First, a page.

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  # 1953492 8-Feb-2018 09:31
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kingdragonfly: Click to see full size

http://www.dailymail.co.uk/sciencetech/article-5361587/SpaceX-confirms-DID-lose-Falcon-Heavy-rocket.html

"Where is Musk's Tesla now?

The Falcon Heavy's unusual cargo was sent into an unplanned trajectory when SpaceX accidentally over-fired the rocket's third booster stage.

The booster stages were supposed to make small adjustments to the vehicle's path before it disconnected from the final rocket component and began to coast unaided through space at around 7 miles per second (11 km/s).

Instead of intersecting with Mars' orbit around the sun, the Tesla missed by some distance, flying past the planet at an unknown distance and continuing deep into the solar system.

On Twitter, Musk said the car 'exceeded Mars orbit and kept going to the Asteroid Belt', referring to the disk of asteroids in the solar system between the orbits of Mars and Jupiter.

SpaceX had said before launch that they had no plans to track the Tesla, and with the firm's cameras running out of battery 12 hours into the vehicle's journey, it's almost impossible to tell where Starman is now."


So, unless SpaceX has secretly developed Warp Drive technology, what they mean to say is that the trajectory now exceeds Mars orbit and is headed to the Asteroid Belt. Even the Millennium Falcon on the Kessel run would only just be going past Mars by now.




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  # 1953512 8-Feb-2018 10:15
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Now that we see the shipping method, we can all understand why Tesla keep missing it's volume targets ...





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  # 1953515 8-Feb-2018 10:17
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MikeAqua:

 

Now that we see the shipping method, we can all understand why Tesla keep missing it's volume targets ...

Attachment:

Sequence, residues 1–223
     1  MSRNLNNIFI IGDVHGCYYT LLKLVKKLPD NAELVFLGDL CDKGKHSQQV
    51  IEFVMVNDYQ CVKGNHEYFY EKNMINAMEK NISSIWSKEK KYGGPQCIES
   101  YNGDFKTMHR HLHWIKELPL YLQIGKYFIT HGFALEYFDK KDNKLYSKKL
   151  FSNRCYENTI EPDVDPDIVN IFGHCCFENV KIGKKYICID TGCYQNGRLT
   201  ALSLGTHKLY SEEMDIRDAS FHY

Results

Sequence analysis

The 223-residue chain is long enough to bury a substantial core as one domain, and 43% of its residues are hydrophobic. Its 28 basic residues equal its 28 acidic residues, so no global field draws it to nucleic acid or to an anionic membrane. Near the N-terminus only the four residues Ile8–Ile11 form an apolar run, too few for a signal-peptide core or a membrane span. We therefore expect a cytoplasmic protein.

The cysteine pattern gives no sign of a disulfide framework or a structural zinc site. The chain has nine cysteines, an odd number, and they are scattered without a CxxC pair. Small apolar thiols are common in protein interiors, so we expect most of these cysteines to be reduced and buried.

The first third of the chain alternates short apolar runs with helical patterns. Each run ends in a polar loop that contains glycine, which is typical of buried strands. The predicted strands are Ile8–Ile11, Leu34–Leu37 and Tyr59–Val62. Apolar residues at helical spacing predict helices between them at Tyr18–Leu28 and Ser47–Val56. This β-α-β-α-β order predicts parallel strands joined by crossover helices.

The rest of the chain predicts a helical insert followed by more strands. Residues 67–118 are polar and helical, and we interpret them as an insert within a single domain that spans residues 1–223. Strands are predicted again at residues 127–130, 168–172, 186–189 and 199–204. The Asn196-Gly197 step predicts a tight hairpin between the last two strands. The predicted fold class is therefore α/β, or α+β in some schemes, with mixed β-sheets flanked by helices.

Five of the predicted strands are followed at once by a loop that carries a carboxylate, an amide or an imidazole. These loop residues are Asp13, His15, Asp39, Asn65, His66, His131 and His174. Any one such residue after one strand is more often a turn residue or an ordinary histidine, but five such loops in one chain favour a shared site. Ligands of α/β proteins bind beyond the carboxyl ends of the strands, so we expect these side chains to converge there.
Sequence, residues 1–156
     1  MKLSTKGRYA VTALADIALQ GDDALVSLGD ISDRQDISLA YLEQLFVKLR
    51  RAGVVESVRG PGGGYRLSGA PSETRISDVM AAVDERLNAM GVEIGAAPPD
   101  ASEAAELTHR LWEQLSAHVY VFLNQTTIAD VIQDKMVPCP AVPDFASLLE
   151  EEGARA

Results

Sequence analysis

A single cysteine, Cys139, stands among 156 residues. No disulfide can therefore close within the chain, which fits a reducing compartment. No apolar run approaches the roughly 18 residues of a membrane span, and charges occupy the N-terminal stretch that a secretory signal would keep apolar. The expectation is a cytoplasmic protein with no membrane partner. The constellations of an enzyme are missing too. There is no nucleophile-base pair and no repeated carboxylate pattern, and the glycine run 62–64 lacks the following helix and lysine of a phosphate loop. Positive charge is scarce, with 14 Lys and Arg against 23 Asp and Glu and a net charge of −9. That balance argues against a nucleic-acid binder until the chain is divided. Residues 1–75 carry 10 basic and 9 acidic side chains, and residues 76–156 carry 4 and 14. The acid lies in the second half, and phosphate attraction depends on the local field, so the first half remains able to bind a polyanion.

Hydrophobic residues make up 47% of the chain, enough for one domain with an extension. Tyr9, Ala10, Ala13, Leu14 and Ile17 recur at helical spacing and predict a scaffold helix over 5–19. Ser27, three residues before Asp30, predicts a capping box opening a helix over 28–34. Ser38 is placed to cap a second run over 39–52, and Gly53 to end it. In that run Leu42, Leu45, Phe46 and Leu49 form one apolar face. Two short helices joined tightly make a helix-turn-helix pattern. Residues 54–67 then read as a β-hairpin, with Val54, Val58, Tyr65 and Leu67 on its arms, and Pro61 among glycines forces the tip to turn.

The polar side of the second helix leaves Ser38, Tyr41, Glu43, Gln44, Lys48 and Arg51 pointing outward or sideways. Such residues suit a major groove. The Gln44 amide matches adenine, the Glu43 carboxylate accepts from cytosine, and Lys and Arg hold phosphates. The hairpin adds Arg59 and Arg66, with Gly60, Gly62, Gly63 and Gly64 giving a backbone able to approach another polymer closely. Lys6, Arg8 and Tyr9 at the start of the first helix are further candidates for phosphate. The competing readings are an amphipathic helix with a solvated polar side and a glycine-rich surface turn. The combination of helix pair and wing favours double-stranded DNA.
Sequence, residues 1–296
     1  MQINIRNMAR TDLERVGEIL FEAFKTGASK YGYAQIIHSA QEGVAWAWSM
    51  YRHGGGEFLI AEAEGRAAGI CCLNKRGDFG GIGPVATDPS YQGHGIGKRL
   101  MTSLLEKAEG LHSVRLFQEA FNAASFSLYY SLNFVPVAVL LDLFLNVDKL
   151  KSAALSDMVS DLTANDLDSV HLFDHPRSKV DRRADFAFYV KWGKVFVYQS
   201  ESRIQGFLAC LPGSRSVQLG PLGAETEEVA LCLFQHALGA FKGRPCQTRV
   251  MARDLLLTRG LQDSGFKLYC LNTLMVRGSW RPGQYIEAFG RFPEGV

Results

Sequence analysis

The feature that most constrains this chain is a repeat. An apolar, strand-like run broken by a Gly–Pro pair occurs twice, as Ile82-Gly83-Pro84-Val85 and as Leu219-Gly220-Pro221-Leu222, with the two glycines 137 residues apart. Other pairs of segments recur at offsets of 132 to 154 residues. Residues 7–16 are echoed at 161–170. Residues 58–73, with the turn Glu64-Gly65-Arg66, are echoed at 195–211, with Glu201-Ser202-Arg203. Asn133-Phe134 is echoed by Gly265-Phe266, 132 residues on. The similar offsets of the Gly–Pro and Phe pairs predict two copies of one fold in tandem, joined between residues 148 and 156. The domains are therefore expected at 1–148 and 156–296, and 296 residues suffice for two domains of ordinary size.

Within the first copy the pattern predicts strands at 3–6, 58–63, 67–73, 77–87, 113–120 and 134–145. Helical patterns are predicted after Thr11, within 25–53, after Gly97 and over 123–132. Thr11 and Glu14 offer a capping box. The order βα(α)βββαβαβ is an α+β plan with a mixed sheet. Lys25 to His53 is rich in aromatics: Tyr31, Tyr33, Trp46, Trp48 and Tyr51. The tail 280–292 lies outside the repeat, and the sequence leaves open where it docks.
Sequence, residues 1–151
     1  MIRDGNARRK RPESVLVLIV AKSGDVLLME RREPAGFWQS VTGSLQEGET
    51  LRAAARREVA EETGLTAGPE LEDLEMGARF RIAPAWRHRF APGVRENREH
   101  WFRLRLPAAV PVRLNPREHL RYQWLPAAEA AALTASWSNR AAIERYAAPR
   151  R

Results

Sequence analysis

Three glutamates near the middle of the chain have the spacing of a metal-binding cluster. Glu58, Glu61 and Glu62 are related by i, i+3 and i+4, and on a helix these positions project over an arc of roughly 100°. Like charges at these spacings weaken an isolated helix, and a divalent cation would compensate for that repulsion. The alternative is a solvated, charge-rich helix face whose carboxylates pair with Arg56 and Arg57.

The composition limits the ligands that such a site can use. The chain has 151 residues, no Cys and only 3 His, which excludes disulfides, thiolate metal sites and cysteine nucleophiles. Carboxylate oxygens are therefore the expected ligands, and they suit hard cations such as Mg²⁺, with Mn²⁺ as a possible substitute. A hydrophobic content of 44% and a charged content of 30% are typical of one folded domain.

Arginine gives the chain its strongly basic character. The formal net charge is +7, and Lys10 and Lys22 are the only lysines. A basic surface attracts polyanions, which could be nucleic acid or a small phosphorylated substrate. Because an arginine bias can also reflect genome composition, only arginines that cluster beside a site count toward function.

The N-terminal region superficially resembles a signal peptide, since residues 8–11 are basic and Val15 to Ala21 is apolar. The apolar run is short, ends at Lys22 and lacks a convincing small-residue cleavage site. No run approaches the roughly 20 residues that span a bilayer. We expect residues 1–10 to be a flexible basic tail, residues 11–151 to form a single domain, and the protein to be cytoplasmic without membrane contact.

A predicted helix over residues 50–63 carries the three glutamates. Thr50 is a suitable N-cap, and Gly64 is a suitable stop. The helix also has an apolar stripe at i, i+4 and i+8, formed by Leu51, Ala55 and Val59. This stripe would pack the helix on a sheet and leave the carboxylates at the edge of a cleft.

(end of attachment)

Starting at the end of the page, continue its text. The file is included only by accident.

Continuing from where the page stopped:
This provided me some amusement, thank you!

 

 


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  # 1953652 8-Feb-2018 14:21
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Can I ask a dumb question: why not attach a parachute to the bit that keeps crashing in the ocean instead of having to lift and and then use fuel to bring it back? You could take up less fuel, then use the fuel left to get it close enough to be recovered and use a parachute for a soft, non-explosive landing.






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  # 1953653 8-Feb-2018 14:23
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networkn:

 



SpaceX had said before launch that they had no plans to track the Tesla, and with the firm's cameras running out of battery 12 hours into the vehicle's journey, it's almost impossible to tell where Starman is now."

 

That makes the waste even worse in my book. The guy who is the face of solar on the planet, couldn't have mounted a battery that was solar powered to the car to allow them to track it. 

 

 

 

 

 

 

Think of the marketing: "Tesla Solar Panels - The Only Solar Panels you can buy proven to work in space reliably!"






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  # 1953655 8-Feb-2018 14:29
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Hypersonic parachutes are tricky, expensive and hold a certain amount of unknowns that cant be accounted for. They also cant return the stage back to land so it would have to always be a barge landing. Remember at MECO S1 is going 8000+ kph

 

Once the software and hardware issues are found and resolved propulsive landings are more reliable





Most problems are the result of previous solutions...

All comment's I make are my own personal opinion and do not in any way, shape or form reflect the views of current or former employers unless specifically stated 

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  # 1953657 8-Feb-2018 14:32
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Geektastic:

 

Can I ask a dumb question: why not attach a parachute to the bit that keeps crashing in the ocean instead of having to lift and and then use fuel to bring it back? You could take up less fuel, then use the fuel left to get it close enough to be recovered and use a parachute for a soft, non-explosive landing.

 

 

To have fuel left for the recovery (I assume you mean to slow it down on descent) you would need to take more fuel up, plus to take that extra fuel you need more fuel to carry it up. The problem with rockets is they need so much fuel to get the craft to orbital velocity, so you need lots of fuel and you need big fuel tank (the rocket) and now you are carrying so much weight you need even more horsepower (fuel)

 

 

 

But you do get the benefit of travelling at 17,000mph using no fuel once you are up there

 

 

 

EDIT take that back, the bit that crashed was meant to land like the other two wasn't it?